A tale of two companies
It all began almost 67 years to the date in a closed down pub in London where an industrial die-casting company, Lesney, was born, leading to a huge collector market for metal 1/64th scale model cars. Lesney is the creator of Matchbox vehicles. The name itself came into being when one of the owners’ daughters wanted to bring a toy to school but the school only allowed children to bring toys that could fit inside a matchbox so a scaled down version of a Lesney model went with her to school. Thinking they might have something, they used the one-0ff creation, the idea of selling a model of a vehicle small enough to fit into the size of a matchbox. Matchbox was born and propelled Lesney to worldwide, mass-market success.
It wasn’t until 1968 that the Matchbox brand received any serious competition in 1/64th scale cars when Mattel introduced Hot Wheels. See the first Hot Wheels TV commercial. The difference between the vehicles produced is that Hot Wheels puts an emphasis on sportier, vehicles like Lamborghini, Ferrari, pony cars, and American muscle while the Matchbox product line is more diverse and includes service and utility vehicles, military equipment, and planes. Sounds like the making of a great partnership. Mattel thought so and in 1997 bought the Matchbox brand but while they are now a part of Mattel, Matchbox continues to develop its own product line independently from Hot Wheels.
Keeping mind that purchased new, a Matchbox vehicle would cost about 50 cents, the return on your investment could be huge. According to historicvehicle.org one of its Top Five Most Valuable Cars is this 1966, “sea green” Matchbox Opel Diplomat consistently valued in the neighborhood of $9,000.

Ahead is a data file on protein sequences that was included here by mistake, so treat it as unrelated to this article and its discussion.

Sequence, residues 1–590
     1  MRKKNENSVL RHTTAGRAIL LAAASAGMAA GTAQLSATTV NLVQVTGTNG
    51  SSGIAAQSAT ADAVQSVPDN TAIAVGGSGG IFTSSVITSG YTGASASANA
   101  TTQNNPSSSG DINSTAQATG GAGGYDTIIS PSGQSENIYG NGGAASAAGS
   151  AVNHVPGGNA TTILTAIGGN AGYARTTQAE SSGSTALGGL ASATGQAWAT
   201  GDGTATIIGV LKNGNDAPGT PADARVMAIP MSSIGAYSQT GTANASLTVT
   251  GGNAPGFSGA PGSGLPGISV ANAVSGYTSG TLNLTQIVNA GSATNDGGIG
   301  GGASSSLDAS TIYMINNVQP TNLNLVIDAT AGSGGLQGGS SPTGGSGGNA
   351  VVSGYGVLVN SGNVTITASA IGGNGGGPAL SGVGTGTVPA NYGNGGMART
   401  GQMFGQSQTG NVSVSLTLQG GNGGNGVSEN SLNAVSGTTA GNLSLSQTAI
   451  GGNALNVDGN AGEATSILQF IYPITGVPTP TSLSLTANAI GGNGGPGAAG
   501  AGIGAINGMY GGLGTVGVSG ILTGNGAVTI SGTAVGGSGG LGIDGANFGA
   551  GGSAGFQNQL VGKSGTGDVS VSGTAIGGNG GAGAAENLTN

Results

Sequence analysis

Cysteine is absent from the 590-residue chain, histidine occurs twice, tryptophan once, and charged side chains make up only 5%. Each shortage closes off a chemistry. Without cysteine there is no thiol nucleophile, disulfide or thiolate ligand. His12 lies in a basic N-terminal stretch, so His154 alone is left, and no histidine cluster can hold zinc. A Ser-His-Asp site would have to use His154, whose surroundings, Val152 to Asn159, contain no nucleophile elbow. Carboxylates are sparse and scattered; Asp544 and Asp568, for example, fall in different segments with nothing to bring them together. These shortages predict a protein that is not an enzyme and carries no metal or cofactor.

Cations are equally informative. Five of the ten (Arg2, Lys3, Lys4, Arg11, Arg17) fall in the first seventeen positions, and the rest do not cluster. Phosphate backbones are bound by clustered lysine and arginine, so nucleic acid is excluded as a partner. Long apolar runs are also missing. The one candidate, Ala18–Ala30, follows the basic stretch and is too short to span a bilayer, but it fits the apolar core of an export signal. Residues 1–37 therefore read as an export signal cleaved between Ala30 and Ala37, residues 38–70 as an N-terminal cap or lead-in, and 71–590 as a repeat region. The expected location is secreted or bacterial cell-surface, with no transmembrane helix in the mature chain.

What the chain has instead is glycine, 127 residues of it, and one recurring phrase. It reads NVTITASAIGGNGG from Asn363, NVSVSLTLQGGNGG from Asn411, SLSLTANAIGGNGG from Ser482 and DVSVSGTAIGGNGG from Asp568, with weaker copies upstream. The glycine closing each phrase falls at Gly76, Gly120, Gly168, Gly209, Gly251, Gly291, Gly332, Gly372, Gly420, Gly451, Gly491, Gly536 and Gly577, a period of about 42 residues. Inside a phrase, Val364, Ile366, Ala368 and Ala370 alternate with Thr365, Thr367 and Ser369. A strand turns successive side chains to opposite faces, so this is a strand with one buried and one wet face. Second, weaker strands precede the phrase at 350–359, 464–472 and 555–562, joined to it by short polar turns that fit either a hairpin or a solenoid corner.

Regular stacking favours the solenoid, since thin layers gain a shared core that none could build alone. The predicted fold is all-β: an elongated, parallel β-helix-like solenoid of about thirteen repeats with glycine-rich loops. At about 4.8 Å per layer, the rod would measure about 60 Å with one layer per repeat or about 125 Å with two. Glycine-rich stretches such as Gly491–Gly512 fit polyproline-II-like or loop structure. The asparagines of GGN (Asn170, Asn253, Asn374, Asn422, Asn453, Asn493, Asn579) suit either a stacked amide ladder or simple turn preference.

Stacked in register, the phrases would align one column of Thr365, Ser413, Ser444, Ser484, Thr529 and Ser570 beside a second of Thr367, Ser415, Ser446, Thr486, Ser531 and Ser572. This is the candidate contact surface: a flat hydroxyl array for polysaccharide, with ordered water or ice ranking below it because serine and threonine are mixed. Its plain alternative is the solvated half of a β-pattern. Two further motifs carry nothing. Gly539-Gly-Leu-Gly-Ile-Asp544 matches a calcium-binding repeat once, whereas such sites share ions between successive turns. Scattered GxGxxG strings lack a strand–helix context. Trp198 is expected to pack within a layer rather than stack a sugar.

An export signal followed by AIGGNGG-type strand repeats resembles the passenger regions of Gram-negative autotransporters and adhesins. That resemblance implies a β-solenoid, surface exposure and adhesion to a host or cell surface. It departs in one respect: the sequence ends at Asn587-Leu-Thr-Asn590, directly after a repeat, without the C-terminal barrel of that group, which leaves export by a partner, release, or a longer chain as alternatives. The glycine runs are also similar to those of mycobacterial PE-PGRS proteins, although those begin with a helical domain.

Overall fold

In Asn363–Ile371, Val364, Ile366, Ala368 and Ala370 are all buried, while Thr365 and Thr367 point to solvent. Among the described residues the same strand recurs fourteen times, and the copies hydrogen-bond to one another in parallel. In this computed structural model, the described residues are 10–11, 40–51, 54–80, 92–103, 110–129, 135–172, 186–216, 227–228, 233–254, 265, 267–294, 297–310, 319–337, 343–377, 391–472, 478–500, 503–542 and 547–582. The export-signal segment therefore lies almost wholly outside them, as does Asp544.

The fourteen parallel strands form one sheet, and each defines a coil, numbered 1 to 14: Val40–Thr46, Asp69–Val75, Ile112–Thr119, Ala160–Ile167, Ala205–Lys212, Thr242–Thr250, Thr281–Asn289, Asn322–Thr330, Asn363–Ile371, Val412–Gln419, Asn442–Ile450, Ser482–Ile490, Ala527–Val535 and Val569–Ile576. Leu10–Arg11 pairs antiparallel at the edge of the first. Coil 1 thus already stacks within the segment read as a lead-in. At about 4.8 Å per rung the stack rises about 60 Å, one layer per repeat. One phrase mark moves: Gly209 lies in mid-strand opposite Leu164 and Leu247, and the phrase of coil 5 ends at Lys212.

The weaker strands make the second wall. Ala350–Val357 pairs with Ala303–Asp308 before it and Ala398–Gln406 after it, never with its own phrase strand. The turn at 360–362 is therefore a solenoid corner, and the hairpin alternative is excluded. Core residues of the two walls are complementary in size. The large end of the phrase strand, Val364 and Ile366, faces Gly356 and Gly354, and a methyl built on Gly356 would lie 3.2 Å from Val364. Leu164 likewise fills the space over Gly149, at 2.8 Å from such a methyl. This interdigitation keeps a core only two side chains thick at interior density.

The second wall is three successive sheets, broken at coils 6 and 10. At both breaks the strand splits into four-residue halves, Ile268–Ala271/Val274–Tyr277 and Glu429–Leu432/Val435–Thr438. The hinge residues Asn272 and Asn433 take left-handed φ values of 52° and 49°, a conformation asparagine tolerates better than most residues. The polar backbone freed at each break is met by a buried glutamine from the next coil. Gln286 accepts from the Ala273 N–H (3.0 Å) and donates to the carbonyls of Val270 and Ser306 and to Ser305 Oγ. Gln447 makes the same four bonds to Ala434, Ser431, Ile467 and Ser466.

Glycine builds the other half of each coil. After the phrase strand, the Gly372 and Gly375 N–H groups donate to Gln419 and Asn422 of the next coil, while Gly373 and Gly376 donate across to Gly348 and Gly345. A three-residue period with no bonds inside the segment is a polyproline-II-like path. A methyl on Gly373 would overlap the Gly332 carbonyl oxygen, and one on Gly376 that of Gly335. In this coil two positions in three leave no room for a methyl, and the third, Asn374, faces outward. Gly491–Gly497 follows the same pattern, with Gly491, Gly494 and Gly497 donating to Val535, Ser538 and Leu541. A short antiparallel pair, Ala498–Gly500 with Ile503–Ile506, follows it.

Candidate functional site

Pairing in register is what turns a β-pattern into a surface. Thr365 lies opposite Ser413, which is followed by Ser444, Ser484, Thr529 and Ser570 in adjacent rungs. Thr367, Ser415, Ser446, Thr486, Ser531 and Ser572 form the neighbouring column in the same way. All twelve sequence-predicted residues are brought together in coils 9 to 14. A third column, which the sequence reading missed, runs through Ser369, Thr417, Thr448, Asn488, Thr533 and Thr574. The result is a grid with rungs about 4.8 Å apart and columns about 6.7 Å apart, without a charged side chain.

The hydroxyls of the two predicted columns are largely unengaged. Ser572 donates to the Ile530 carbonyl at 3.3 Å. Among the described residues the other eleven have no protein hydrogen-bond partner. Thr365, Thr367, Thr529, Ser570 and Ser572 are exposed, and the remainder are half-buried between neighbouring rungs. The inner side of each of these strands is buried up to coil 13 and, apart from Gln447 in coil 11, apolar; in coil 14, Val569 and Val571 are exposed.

The most expensive ever Hot Wheels car was introduced in 1968 at the 105th American International Toy Fair as a celebration of Hot Wheels 40th anniversary. Named the Diamond Crusted Custom Otto and has more than 2,700 tiny diamonds for a total of nearly 23 carats worth which adds up to $140,000. According to UltimateHotWheels.boards.net under the hood the engine is decorated with pave-set white and black diamonds. Red rubies are set as the tail lights, while black diamonds and red enamel create the “red line” tires and the custom-made case that houses the jewel-encrusted vehicle also holds 40 individual white diamonds, one each year in the legacy of Hot Wheels.
Since the models I highlighted above rarely will pass onto another collector, I thought I’d check the auction sites. One of the Hot Wheels models I found with consistent high value was the Red Line KH Red Cougar, this one listed for $1,699.
Of course I had to see if any American Motors Hot Wheels had any value and came across this Open Fire 1971 AMC Gremlin which featured six wheels for better performance on the track. The only year for Open Fire was in 1972 Hot Wheels series, and came in 5 different Spectraflame colors.